I was chatting to a farmer recently about what’s commonly referred to as “ethical” agriculture and the moral implications of raising animals for human consumption.
I wondered how they managed their investment – their livestock of sheep and bovine – to ensure optimal wellbeing, while maintaining enough detachment to send them to the slaughterhouse. I know…graphic images, but it’s where our food comes from after all!
She explained to me (did you immediately picture an old guy in overalls when I mentioned ‘farmer’ earlier?) that it’s much easier to see your stock as a commercial enterprise when you don’t name them.
Her and her husband found this little gem out the hard way mind you, after giving each member of their initial flock of lambs his or her own personal identity and in turn, establishing a more intimate connection with the animals.
This is the difference between having an objective interest in your investment or being emotionally invested in your interest.
The former allows you to make decisions based on reason and logic over sentiment and ‘feelings’. Whereas the latter can bias your judgment, causing costly mistakes that you’d otherwise identify as risks, and therefore either resolve or avoid.
What do sheep have to do with property investing?
The reason I impart this story is not to turn you into a Vegan or influence your WOE in any way (social media speak for what food you choose to stick in your gob).
Rather, I felt it was an excellent reminder that if we hope to be successful in property investment when it comes to building long term, sustainable profits, we must maintain this level of calculated distance between us and our growing portfolio.
As with farming however, this is often easier said than done. The financial investment we make in a housing asset is so significant that it naturally engenders a deep emotional response at an intuitive level.
But the more you can apply logic and reasoning to your intuition, the sounder your investment decisions will be…unless you’re really bad at planning of course.
A lifetime of logic over a second of sentiment
This is a good way to remember the need to remain objective when it comes to mapping your investment journey and working out optimal asset selection.
Applying rational analysis of the facts and figures surrounding the investment in question is key.
Whereas if you allow that second of sentimentality you’ll undeniably feel due to the large financial investment you’re about to make spill over, unconstrained by logic and reason, you’re more likely to be blinded into bad investments.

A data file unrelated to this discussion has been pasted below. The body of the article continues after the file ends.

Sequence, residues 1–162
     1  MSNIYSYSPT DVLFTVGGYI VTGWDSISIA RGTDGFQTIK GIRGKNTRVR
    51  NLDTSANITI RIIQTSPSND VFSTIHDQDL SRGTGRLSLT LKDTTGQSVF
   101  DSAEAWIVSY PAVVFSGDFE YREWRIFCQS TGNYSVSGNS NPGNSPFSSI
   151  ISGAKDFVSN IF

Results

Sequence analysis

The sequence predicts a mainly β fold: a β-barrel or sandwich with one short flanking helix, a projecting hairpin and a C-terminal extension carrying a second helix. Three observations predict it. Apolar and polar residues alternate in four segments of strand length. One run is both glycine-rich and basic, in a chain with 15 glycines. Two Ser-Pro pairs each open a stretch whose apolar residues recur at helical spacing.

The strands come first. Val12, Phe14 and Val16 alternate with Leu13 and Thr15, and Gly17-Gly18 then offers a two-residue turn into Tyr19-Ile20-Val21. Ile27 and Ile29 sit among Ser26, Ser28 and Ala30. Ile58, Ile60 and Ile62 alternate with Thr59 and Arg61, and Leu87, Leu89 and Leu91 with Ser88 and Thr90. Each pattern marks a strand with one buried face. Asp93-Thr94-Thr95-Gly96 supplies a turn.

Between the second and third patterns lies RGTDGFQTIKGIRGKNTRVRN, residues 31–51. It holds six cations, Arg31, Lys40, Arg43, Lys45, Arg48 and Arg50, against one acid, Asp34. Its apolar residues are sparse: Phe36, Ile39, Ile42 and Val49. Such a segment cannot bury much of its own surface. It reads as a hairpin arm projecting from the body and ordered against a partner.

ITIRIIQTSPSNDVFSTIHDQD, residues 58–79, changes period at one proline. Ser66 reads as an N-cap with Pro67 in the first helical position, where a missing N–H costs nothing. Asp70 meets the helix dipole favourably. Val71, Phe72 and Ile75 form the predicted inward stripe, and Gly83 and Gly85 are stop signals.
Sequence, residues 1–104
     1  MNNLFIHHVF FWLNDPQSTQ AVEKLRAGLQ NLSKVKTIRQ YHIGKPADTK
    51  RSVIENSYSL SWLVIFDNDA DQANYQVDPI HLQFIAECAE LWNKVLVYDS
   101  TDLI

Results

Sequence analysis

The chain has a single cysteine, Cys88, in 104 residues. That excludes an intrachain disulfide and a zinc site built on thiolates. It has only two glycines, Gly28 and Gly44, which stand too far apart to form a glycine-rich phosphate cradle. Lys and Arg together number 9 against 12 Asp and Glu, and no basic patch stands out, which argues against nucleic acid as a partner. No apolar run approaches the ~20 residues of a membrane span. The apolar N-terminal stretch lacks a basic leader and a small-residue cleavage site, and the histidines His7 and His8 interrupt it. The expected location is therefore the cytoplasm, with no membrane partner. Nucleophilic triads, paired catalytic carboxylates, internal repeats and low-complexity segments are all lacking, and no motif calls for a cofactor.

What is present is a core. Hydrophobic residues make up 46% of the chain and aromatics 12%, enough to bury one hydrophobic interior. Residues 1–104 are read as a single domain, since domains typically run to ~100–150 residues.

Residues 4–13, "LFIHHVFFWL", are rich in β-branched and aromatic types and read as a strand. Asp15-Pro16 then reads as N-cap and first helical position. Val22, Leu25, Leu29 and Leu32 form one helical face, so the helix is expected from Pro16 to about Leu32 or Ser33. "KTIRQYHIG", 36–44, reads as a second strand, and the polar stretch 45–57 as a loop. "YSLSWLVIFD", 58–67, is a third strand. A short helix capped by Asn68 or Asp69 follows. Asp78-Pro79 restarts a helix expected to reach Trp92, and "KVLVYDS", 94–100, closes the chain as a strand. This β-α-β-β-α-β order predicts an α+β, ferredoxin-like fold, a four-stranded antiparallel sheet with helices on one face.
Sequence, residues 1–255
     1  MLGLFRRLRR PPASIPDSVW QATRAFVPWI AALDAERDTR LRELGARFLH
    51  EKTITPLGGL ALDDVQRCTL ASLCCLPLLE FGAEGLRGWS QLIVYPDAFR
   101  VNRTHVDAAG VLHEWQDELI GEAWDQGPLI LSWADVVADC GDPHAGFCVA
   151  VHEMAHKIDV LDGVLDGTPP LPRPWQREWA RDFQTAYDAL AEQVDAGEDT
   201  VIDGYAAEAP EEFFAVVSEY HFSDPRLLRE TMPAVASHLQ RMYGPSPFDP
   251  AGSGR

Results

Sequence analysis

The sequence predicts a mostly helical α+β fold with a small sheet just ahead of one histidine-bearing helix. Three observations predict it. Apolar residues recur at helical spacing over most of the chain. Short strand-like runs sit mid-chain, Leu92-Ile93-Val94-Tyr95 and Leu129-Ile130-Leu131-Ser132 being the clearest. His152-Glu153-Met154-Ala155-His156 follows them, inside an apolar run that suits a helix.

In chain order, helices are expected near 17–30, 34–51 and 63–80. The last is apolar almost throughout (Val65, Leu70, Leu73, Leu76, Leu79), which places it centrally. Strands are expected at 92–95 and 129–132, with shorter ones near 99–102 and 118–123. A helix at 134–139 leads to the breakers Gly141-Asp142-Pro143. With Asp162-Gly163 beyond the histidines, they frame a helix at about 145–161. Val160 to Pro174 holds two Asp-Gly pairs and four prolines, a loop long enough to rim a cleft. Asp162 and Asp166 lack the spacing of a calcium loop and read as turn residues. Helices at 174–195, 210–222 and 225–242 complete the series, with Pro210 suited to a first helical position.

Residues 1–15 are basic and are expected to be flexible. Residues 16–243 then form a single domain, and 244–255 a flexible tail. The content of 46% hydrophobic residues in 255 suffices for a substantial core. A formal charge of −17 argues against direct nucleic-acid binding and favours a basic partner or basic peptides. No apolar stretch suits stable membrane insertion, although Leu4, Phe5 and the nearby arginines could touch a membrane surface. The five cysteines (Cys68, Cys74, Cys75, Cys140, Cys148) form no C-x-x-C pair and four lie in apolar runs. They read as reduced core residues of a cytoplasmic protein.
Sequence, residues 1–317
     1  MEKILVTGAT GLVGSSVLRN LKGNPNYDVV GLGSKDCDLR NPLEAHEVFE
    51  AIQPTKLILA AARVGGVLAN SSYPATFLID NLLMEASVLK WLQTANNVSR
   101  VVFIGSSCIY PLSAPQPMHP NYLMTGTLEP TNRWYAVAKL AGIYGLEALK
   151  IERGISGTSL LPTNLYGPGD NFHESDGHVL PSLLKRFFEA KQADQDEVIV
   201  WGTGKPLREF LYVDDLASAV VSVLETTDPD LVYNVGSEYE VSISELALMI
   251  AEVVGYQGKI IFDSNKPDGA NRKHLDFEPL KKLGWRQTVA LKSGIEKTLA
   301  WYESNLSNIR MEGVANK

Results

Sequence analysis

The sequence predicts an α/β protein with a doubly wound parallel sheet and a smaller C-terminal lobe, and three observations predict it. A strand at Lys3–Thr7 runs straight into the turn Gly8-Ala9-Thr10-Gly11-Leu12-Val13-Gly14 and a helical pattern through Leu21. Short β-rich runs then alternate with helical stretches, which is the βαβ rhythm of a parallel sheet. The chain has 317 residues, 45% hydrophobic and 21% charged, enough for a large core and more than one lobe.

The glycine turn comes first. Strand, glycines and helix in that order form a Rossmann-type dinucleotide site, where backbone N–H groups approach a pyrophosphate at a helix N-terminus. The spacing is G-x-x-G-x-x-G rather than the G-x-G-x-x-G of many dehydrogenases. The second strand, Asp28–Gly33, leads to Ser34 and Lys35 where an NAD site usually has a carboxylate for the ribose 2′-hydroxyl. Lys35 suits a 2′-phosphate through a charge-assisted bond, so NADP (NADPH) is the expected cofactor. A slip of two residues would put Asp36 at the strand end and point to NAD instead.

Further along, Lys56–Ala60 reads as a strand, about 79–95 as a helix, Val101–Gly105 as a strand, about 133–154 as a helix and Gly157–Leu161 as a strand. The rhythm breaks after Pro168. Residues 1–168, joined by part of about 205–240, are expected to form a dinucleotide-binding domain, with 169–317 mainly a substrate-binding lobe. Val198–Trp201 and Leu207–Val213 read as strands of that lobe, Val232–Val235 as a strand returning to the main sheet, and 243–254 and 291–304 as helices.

Ask yourself, will it yield the returns you need and assist in meeting your long-term objectives?
Yes? Then do some further number crunching and perhaps consult an expert or two for a second, unbiased opinion.
Not sure? Then consider whether the questions surrounding the asset’s suitability are coming from your head or your heart.
You’re well advised to seek experienced industry guidance and mentorship in the initial phases of your journey particularly.
As a more seasoned and confident property investor however, you’ll be less inclined to look for external validation of the decisions you make.
Can you weather all conditions?
The same applies to market conditions and how well you ride out the various peaks and cycles that naturally accompany any type of investment – be it property or poultry.
Farmers are often challenged beyond what many could endure by Australia’s unforgiving climate.
Those who survive droughts, floods and everything in between, generally enter their agricultural enterprise with a sound long-term plan, and the tenacity that comes from doing something with the intention of helping generations to come.
Building your future fund with real estate, as with building a sustainable modern farm, is about more than immediate personal gains. It’s about building a strong foundation for your family’s future.
Making the tough choices easier
As a property investor seeking profits, you’ll no doubt be required to make difficult decisions along your journey and be challenged by the innate personal feelings that arise when called on to make certain choices.
You might think that selling an asset, which happens to be dragging down your entire portfolio, is a fairly simple prospect to deal with on an emotional level for instance. It’s all about the bottom line after all.
But what if that asset happens to be the house you acquired with your new wife twenty years ago and brought your firstborn home to? The one you turned into a rental investment when the decision was made to upsize into a dwelling more suited to your growing family at the time.
Emotionally detaching from housing assets can be particularly challenging for the first time property developer, who risks becoming too invested in their first project.
Be it a small cosmetic makeover, a significant renovation or a brand new apartment build, the possibility of over-capitalising and missing the market is very real if you facilitate what’s often an emotionally charged experience without a decent application of logic and reason.
The bottom line is…don’t make it personal when it comes to property investing. Don’t be the farmer who names his cow Bessie or Daisy because, at the end of the day, it’s really a big Miss Steak.
If you would like to know more about making objective, sound property investment decisions, particularly when it comes to optimal debt structuring for your portfolio, why not connect with the team here at Trilogy Funding?
Our longstanding industry expertise can assist in helping you stay on your path and see your plans come to fruition sooner rather than later. Click here now to connect with us today.